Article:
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Paul Martin: The Power of Ambition

by John Gray

The first thing that strikes you about John Gray’s biography of Paul Martin is just how well written it is. Open the book at random, read any paragraph, and be prepared to be amazed. For example, this is the beginning of Gray’s chapter on Canada Steamship Lines: “It was Julius Caesar who set the standard for such matters. ‘I wish my wife to be not so much as suspected,’ he said. For all his other faults, Caesar understood the vulnerability of those who strut the public stage. The merest whiff of suspicion, the hint of a doubt, can be corrosive.”

Gray, a former national and foreign correspondent for The Globe and Mail, has a sophisticated, somewhat contrarian take on the man who would be prime minister. Despite the fact that Martin has been in the national spotlight since he entered politics in 1988, and has been one of the most successful finance ministers in Canadian history, and has the support of virtually every Liberal MP, nobody – even Martin himself – really has any idea what kind of prime minister Paul Martin will be. But, as Gray points out, that doesn’t mean there aren’t great expectations. Every region, every group, every cause believes Martin is on its side.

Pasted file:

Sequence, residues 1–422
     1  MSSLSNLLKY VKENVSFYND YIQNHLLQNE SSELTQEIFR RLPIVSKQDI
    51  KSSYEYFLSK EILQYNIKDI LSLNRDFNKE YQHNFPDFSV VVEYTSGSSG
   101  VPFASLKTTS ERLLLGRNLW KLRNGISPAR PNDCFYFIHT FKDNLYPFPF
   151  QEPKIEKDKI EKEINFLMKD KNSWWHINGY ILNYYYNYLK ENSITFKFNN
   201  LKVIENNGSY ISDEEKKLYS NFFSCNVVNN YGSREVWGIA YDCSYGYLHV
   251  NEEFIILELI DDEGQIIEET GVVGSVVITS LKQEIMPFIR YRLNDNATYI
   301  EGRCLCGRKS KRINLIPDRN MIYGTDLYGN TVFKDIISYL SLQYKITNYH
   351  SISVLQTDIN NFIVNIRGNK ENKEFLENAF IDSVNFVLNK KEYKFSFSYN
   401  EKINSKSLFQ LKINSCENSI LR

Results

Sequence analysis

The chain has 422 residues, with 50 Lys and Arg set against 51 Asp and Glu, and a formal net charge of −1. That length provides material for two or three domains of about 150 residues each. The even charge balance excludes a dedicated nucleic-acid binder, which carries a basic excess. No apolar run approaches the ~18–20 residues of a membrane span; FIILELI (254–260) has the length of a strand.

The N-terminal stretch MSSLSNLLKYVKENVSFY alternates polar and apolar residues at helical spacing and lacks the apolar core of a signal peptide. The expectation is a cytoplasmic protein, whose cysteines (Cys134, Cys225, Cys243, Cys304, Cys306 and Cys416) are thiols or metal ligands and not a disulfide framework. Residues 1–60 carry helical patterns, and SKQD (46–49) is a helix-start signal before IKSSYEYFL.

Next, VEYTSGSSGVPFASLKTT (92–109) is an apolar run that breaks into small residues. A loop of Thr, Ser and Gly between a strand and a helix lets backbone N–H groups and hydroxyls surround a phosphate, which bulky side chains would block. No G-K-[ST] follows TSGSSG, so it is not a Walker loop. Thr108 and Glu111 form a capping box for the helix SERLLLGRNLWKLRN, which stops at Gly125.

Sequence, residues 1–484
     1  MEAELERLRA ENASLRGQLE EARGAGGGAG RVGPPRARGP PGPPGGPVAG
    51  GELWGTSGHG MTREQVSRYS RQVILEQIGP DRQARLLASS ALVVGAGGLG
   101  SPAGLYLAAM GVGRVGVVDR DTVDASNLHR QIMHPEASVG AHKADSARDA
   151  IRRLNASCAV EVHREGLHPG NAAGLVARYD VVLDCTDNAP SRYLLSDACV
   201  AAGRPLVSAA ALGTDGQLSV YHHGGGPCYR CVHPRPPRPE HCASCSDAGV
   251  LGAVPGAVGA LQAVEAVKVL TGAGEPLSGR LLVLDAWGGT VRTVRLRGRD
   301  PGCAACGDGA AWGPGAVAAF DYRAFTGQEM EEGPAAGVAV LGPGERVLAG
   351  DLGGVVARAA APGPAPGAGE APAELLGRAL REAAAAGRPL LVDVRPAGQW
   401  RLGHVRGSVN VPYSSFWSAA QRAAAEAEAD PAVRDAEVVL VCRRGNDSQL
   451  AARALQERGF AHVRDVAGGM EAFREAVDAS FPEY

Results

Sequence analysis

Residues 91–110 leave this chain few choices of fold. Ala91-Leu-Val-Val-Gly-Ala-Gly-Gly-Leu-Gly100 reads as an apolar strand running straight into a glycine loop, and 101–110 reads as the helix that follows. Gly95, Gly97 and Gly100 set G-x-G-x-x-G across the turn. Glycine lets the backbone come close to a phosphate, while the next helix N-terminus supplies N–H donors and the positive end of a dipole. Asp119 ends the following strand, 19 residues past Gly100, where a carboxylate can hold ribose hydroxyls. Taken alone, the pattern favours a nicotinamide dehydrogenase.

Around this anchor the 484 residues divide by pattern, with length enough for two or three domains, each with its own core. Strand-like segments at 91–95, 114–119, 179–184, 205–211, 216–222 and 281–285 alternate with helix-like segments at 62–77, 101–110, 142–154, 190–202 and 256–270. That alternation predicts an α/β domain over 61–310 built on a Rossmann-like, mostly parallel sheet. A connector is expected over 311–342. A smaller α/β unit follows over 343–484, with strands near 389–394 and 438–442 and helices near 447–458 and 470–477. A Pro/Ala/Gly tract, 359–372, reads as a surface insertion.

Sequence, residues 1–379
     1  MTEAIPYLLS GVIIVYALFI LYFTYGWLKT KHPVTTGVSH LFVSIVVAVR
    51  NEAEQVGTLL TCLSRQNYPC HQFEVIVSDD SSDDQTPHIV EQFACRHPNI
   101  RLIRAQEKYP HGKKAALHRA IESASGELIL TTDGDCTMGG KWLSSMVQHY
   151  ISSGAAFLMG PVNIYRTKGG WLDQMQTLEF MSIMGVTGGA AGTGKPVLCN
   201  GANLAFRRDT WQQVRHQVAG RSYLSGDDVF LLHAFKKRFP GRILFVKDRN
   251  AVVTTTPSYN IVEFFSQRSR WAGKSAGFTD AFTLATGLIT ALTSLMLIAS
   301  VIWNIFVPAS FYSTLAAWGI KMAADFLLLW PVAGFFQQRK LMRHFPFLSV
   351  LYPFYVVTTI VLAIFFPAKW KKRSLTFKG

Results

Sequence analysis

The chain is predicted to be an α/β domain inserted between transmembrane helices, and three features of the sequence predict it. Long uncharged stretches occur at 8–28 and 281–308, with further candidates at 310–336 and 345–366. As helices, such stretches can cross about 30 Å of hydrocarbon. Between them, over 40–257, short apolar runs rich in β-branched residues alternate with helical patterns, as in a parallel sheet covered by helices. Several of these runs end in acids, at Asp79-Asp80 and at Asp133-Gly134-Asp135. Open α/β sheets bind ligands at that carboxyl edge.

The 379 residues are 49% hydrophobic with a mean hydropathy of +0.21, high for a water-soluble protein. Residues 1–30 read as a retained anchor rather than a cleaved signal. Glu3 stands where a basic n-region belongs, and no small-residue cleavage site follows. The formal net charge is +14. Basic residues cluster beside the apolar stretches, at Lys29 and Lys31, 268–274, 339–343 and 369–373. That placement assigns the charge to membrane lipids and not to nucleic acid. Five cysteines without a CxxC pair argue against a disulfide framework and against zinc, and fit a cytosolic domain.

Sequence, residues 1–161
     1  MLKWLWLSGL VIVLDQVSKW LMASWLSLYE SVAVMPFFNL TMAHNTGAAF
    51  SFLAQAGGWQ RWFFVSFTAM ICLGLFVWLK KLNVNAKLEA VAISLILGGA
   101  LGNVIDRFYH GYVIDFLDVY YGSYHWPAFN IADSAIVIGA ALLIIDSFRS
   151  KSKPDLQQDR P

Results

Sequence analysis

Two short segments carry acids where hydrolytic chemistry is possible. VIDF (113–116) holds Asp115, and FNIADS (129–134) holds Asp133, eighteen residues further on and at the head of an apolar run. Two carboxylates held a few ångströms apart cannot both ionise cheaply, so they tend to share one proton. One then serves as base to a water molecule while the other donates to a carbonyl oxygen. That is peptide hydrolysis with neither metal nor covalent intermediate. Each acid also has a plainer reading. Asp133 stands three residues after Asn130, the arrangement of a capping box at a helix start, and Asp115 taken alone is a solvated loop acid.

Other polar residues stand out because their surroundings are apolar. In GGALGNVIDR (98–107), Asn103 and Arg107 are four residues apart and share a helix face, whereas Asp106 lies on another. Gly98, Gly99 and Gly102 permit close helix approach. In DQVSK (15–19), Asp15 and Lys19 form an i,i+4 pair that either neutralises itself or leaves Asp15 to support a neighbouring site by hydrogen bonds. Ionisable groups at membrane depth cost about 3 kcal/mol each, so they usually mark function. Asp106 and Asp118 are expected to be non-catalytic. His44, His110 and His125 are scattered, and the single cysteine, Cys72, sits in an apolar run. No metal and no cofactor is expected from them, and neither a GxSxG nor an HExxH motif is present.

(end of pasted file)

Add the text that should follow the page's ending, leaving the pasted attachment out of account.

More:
Gray presents his biography as a character study, looking at the influences that shaped Martin. The prime force, of course, is his father, a cabinet minister who coveted but never won the Liberal leadership. Conventional wisdom about Martin Jr. is that he is driven to achieve what Martin Sr. never did. Gray acknowledges that this is true, but only partially: in fact, Martin may not have entered politics as readily as people think.

Martin Jr.’s legacy so far has been his fiscal conservatism, but he claims as his influence a father known as a small-l liberal. Martin Jr. is known for being a doer, but people who work with him portray him as a man who studies every issue to death before making up his mind. In the end, Gray’s success is not in breaking news about Martin but in creating a convincing character study. Summed up, it is Paul Martin, enigma.